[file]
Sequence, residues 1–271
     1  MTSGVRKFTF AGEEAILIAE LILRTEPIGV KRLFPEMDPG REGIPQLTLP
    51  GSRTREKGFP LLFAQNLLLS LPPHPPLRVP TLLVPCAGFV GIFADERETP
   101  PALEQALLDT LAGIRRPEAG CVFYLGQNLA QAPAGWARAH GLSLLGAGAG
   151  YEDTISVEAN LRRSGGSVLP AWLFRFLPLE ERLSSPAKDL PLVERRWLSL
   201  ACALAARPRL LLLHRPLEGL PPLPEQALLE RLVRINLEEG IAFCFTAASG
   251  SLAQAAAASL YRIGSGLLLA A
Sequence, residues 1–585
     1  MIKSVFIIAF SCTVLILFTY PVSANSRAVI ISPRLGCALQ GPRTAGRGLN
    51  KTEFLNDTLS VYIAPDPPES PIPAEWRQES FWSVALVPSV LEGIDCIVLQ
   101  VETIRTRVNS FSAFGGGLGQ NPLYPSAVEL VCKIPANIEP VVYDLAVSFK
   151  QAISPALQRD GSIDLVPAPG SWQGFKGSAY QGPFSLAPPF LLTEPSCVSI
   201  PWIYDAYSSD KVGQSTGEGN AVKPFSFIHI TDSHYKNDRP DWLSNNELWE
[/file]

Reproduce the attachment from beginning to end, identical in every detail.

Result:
Sequence, residues 1–271
     1  MTSGVRKFTF AGEEAILIAE LILRTEPIGV KRLFPEMDPG REGIPQLTLP
    51  GSRTREKGFP LLFAQNLLLS LPPHPPLRVP TLLVPCAGFV GIFADERETP
   101  PALEQALLDT LAGIRRPEAG CVFYLGQNLA QAPAGWARAH GLSLLGAGAG
   151  YEDTISVEAN LRRSGGSVLP AWLFRFLPLE ERLSSPAKDL PLVERRWLSL
   201  ACALAARPRL LLLHRPLEGL PPLPEQALLE RLVRINLEEG IAFCFTAASG
   251  SLAQAAAASL YRIGSGLLLA A
Sequence, residues 1–585
     1  MIKSVFIIAF SCTVLILFTY PVSANSRAVI ISPRLGCALQ GPRTAGRGLN
    51  KTEFLNDTLS VYIAPDPPES PIPAEWRQES FWSVALVPSV LEGIDCIVLQ
   101  VETIRTRVNS FSAFGGGLGQ NPLYPSAVEL VCKIPANIEP VVYDLAVSFK
   151  QAISPALQRD GSIDLVPAPG SWQGFKGSAY QGPFSLAPPF LLTEPSCVSI
   201  PWIYDAYSSD KVGQSTGEGN AVKPFSFIHI TDSHYKNDRP DWLSNNELWE